It’s not all about the points, though. Let’s say, as a purely hypothetical example, that you are playing the 105-point Superman Blue figure (this was the Man of Steel’s blue period, like Picasso, if he had erupted into electrical energy) against the lowly 62-point Detective Chimp, and that the freaking monkey made every single one of his Super Senses rolls, in addition to Outwitting your attack power every turn . . . but I digress. The point is, in addition to stats, each one of your Clix has special abilities and powers on their dial that bring a little something extra to the battlefield.

Heroclix 1Then, on top of that, most attacks or special actions in the game are determined by six-sided die rolls. While this does introduce a sometimes frustrating level of randomness to Heroclix, it also injects a sense of unpredictability and tension into each battle. This helps the game avoid being bogged down by the somewhat plodding complexities of more involved tactical miniature games. After all, if I wanted to be measuring things with a ruler every fifteen seconds, I would build a cabinet.

The game is played on a 2-D grid map with different types of terrain: clear, hindering, elevated, blocking, water, and special. There are many different maps to select from, and choosing the proper battlefield for your team is part of the game’s strategy.

There is a bit of a learning curve to Heroclix, but you can choose to make it as simple or complicated as you’d like. You could start out playing on a simple map, using just the printed numerical values on your team’s dials. Once you had the basics down, you could introduce the powers and abilities; however, after a few games, it might be best to seek out some knowledgeable players (perhaps online or at your local comics and game store) who can help you with the finer points of the rules.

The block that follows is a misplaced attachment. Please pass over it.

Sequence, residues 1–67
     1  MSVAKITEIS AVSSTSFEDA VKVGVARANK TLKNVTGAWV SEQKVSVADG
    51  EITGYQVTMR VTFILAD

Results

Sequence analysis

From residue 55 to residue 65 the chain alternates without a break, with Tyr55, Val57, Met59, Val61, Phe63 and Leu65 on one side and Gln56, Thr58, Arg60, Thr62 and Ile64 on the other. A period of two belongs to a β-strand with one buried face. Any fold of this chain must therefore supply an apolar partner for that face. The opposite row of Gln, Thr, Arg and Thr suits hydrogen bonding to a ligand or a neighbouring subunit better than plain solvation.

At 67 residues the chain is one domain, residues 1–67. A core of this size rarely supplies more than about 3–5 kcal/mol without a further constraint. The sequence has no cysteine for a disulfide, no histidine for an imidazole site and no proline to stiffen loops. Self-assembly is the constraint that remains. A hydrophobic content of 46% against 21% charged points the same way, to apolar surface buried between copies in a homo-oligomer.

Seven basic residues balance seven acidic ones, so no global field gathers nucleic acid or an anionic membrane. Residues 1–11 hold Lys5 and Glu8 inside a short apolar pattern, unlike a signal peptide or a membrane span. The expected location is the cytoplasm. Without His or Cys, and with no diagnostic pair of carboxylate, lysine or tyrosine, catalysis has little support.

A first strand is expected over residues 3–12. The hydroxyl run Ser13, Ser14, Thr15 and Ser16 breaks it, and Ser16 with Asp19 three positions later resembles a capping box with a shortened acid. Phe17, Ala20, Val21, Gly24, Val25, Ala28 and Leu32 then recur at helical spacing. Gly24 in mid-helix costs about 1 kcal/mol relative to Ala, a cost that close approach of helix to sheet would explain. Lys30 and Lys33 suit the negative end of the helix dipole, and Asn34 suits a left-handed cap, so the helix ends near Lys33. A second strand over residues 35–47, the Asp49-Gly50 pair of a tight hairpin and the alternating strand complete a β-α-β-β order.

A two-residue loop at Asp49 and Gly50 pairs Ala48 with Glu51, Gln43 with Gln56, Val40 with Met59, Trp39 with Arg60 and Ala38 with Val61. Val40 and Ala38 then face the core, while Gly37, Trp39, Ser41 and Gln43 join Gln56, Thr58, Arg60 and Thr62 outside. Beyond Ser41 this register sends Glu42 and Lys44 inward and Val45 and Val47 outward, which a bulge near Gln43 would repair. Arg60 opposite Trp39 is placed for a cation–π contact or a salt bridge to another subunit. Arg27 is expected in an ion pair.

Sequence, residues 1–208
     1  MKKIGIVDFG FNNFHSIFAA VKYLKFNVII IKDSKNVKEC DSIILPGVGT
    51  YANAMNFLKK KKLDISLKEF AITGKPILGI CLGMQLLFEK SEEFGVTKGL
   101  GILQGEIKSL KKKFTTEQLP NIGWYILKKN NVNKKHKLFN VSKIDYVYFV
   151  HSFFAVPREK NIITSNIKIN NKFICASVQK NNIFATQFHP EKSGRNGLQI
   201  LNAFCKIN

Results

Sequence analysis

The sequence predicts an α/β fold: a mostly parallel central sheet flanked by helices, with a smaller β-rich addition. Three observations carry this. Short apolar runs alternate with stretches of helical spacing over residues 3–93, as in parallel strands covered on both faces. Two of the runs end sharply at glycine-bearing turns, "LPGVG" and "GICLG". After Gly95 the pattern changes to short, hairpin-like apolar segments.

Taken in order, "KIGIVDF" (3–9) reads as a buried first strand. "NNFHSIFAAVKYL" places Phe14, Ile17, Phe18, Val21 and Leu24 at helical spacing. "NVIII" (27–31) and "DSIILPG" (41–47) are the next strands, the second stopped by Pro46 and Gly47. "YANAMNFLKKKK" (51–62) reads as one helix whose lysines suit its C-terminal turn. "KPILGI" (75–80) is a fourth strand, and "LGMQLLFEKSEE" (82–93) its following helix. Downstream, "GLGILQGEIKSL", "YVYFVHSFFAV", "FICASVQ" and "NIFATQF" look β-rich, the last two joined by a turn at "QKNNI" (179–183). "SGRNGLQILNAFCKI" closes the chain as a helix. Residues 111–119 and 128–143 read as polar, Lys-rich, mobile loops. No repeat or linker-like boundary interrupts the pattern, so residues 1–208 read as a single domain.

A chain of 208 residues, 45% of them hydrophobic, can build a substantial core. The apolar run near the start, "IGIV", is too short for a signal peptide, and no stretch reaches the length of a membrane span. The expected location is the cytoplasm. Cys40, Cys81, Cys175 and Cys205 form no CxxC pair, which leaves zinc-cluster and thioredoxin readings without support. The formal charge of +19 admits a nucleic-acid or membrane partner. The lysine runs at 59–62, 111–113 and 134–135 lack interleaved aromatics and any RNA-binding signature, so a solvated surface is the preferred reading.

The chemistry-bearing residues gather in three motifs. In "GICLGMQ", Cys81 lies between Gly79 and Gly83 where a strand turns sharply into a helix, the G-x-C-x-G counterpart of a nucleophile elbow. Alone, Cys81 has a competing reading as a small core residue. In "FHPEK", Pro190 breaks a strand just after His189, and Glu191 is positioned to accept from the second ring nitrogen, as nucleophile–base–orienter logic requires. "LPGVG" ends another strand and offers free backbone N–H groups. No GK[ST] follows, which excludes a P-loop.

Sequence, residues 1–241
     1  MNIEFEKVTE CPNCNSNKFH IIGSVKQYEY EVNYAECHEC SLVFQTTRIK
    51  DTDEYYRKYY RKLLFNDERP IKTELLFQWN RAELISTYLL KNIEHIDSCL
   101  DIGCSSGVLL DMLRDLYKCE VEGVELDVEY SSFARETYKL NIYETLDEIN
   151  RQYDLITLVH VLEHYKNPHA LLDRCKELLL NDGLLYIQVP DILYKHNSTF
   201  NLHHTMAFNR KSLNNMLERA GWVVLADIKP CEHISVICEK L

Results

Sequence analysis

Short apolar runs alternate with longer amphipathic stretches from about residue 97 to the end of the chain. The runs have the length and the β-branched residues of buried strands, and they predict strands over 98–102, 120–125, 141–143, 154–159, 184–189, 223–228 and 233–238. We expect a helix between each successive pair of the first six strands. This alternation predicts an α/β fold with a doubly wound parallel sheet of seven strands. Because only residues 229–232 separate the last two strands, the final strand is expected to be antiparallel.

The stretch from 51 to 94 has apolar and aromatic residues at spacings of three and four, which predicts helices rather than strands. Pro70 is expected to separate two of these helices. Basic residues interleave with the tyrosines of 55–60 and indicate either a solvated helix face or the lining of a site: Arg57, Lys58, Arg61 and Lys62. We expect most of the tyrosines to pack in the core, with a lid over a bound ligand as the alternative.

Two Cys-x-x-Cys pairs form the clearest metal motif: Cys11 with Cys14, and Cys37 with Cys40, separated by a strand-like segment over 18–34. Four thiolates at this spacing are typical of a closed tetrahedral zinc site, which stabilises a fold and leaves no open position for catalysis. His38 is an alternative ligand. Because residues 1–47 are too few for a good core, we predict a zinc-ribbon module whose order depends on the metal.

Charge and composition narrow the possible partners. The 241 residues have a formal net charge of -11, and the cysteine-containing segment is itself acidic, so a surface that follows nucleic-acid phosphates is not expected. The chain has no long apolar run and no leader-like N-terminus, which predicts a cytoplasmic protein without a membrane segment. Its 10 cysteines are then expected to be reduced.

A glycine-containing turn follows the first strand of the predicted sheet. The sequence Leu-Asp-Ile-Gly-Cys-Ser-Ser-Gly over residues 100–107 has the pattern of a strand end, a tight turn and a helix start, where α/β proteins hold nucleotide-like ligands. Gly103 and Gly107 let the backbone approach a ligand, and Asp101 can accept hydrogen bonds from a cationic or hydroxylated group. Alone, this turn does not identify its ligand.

So, how do you get started? There are several ways to go about it. The easiest way is to pick up a Starter set, which typically include 6 figures, a rulebook, dice, tokens, a powers and abilities card, and a map---they typically go for around $25. You could also pick up a Fast Forces pack, which has 6 figures and a map for about $15. The rules and other resources can all be found for free on the Print and Play section of the Heroclix website. Alternatively, for about $10 you can pick up a five-figure randomized booster pack, or $3 will get you a single figure booster from a Gravity Feed.  You can even track down specific figures on sites like eBay or other online retailers. For more resources and info, check out heroclix.com.

So, what are you waiting for? Pick up a pack, grab a friend, and make some superheroes fight each other for your amusement! You can even pretend that you are an all-powerful space being while you’re doing it. If you don’t enjoy the game, you still come out ahead, because your Clix will look great on your desk or your shelf at home! I should know; I’ve got about 300 now! I can’t stop! It’s a serious problem! No really, I need help! Where are you going?

 

 

 

 

Last modified on Friday, 21 June 2013 01:34